Taíno words in English

As the language of first contact, Taíno was one of the most important sources of Native American vocabulary in Spanish, involving hundreds of words for unfamiliar plants, animals, and cultural practices, and through Spanish to other European languages such as French and English. Below is a list of several English words derived from the Taíno language:[6]

Taíno meaning English
barbakoa cooking frame barbecue[citation needed]
kasikɛ chief cacique
kaimã crocodile caiman
kaniba Carib cannibal
kanowa boat canoe
kasabi cassava cassava
kaya island cay
seba ceiba tree ceiba
wayaba guava guava
hamaka hammock hammock
hurakã (/hodakã/?) storm? hurricane
iwana iguana iguana
mahis, máhisi maize maize
manatí manatee manatee
papaya papaya papaya
batata sweet potato potato[citation needed]
sabana (few trees?) savanna
taí-no good-pl Taíno
tabako tobacco[citation needed]

Taíno songs in the Taíno language

Taíno calling song - https://m.youtube.com/watch?v=w7Lv4377mpI

Place names

Taíno etymologies of place names:[5]

  • Grand Bahama: ba-ha-ma 'large-upper-middle'
  • Bimini: bimini 'twins'
  • Inagua: i-na-wa 'small eastern land'
  • North Caicos: ka-i-ko 'near-northern-outlier'
  • Borinquen (confederated kingdom of Puerto Rico): bo-rĩ-kẽ (people's homeland)

The following are the major geographic features of the Caribbean, with their Taíno names (Carrada 2003):[unreliable source?]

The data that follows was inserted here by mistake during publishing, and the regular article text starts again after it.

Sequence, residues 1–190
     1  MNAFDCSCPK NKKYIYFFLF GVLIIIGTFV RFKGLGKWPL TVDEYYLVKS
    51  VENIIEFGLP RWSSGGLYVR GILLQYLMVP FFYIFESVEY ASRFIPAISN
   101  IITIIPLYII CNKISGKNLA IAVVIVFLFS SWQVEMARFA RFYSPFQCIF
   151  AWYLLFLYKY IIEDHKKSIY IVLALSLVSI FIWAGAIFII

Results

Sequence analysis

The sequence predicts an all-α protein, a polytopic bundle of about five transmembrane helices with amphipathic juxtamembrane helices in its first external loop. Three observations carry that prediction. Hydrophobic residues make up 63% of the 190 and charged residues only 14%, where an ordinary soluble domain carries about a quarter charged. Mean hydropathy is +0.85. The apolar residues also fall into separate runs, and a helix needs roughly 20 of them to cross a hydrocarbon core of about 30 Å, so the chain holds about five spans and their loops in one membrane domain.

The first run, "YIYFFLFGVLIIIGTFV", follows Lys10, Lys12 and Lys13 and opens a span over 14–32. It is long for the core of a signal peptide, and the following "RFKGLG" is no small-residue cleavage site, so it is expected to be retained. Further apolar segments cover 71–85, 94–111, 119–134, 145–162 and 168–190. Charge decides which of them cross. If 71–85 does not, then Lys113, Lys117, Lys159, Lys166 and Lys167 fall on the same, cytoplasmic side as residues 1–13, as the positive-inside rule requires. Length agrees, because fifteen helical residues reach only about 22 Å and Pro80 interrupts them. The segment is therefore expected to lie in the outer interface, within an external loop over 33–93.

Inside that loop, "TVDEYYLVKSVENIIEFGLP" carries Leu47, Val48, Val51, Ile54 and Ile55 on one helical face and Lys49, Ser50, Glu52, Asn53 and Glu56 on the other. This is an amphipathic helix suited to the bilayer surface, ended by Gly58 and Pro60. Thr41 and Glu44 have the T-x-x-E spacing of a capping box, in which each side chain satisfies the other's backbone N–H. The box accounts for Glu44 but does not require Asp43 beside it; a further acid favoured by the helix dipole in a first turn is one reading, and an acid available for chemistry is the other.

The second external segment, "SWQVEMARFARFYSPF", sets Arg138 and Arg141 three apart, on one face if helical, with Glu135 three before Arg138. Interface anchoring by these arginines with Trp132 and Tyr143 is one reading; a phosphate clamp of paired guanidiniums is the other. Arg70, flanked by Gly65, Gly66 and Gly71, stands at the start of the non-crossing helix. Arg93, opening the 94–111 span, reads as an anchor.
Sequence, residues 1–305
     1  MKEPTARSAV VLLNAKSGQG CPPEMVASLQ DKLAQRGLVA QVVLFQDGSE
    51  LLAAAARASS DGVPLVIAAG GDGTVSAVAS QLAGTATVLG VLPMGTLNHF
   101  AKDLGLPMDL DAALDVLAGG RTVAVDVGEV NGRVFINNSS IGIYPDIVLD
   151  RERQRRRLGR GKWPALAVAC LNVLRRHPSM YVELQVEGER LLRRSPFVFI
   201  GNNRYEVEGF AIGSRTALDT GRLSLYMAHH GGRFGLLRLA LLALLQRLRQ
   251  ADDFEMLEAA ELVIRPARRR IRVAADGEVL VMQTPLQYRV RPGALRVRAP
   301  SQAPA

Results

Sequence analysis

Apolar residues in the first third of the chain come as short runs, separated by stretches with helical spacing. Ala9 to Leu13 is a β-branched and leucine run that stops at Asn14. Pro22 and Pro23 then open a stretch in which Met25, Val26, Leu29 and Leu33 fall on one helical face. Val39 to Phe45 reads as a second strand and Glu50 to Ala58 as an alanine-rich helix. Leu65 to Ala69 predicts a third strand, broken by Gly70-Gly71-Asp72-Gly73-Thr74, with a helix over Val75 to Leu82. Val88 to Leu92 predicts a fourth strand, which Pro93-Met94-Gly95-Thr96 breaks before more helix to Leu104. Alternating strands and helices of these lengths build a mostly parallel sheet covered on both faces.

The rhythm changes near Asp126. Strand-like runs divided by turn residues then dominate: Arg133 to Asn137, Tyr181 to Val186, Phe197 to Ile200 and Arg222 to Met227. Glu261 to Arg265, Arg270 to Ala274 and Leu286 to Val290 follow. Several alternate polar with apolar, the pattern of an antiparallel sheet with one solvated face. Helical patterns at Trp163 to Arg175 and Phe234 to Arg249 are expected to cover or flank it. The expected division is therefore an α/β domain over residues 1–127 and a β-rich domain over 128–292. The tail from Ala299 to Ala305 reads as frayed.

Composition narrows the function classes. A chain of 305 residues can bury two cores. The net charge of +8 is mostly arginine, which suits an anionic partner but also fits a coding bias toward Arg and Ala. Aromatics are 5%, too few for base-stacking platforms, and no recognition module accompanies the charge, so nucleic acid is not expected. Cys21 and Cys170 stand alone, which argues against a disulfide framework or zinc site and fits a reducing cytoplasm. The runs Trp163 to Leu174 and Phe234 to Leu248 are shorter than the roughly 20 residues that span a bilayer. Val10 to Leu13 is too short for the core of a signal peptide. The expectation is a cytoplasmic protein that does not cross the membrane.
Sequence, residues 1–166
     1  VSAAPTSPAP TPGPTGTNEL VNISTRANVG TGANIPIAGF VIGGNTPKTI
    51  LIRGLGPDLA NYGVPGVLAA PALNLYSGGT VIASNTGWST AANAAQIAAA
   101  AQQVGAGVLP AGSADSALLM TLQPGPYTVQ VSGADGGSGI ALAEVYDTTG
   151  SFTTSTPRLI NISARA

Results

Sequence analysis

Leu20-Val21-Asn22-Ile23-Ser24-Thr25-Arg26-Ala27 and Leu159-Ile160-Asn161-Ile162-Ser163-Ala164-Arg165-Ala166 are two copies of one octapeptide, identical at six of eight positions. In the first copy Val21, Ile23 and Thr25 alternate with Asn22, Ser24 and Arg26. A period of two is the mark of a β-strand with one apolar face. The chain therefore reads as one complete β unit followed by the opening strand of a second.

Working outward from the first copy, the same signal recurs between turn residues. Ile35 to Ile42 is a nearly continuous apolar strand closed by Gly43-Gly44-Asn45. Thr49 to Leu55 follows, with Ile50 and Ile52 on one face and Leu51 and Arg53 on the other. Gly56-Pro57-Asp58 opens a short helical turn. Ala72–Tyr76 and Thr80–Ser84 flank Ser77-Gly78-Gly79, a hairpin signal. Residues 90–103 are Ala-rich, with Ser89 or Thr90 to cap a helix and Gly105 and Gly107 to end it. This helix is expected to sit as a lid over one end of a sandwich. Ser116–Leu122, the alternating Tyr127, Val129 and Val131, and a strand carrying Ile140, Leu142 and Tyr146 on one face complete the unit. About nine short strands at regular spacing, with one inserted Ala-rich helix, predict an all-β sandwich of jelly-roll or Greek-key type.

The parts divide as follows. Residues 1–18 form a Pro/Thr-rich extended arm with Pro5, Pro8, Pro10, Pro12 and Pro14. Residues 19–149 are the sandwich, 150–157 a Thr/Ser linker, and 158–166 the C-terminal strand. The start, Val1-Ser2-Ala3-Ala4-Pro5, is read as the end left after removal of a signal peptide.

• Antigua: Yaramaqui (Yaramaki)
  • Cuba: Cubao (Kubao)[7]
  • Florida keys: Matacumbe (Matakumbe)
  • Gonaïves (Haiti): Wanabo, Wanahibe (Wanahibo)
  • Grenada: Beguia
  • Grand Turk: Abawana
  • Great Inagua: Babeke
  • Guadalupe: Kurukeira, Wakana, Tureykeri, Turukeira
  • Haiti: Ayti
  • Hispaniola: Ayti, Bohio, Kiskeya[8] (the latter supposedly Taíno but research shows otherwise)
  • Isle of Youth/Pines: Siwanea
  • Jacmel (Haiti): Yakimel
  • Jamaica: Xamaika, Xaymaka[9]
  • Long Island, Bahamas: Yuma
  • Martinique: Iwanakairi (Iwanakaera)
  • North Caycos: Kayco
  • Puerto Rico: Boriken
  • San Salvador (island): Wanahani
  • St. Croix: Ayay, Cibukeira
  • St. Vincent: Bayaruko
  • Tortuga Island (Haiti): Kahimi, Waney
  • Vieques: Bieke


  • Payne D.L., "A classification of Maipuran (Arawakan) languages based on shared lexical retentions", in: Derbyshire D.C., Pullum G.K. (eds.), Handbook of Amazonian Languages, vol. 3, Berlin, 1991.
  • Derbyshire D.C., "Arawakan languages", in: Bright, William (ed.), International Encyclopedia of Linguistics, vol. 1, New York, 1992.


  1. ^ a b c Alexandra Aikhenvald (2012) Languages of the Amazon, Oxford University Press
  2. ^ Hammarström, Harald; Forkel, Robert; Haspelmath, Martin, eds. (2017). "Taíno". Glottolog 3.0. Jena, Germany: Max Planck Institute for the Science of Human History. 
  3. ^ Reyes, David (2004). "The Origin and Survival of the Taíno Language" (PDF). Issues in Caribbean Amerindian Studies. 5 (2). Retrieved February 19, 2017. 
  4. ^ http://www.tainoage.com/meaning.html
  5. ^ a b c Granberry, Julian & Vescelius, Gary. Languagues of the Pre-Columbian Antilles. The University of Alabama Press 2004. p. 92.
  6. ^ Granberry & Vescelius, 101-122.
  7. ^ The Dictionary of the Taino Language (plate 8) Alfred Carrada[unreliable source?]
  8. ^ Anglería, Pedro Mártir de (1949). Décadas del Nuevo Mundo, Tercera Década, Libro VII (in Spanish). Buenos Aires: Editorial Bajel. 
  9. ^ "Taíno Dictionary" (in Spanish). The United Confederation of Taíno People. Archived from the original on October 16, 2007. Retrieved 18 October 2007. 

External links

  • Alfred Carrada, 2003. The Dictionary of Taíno Language (only partially reliable)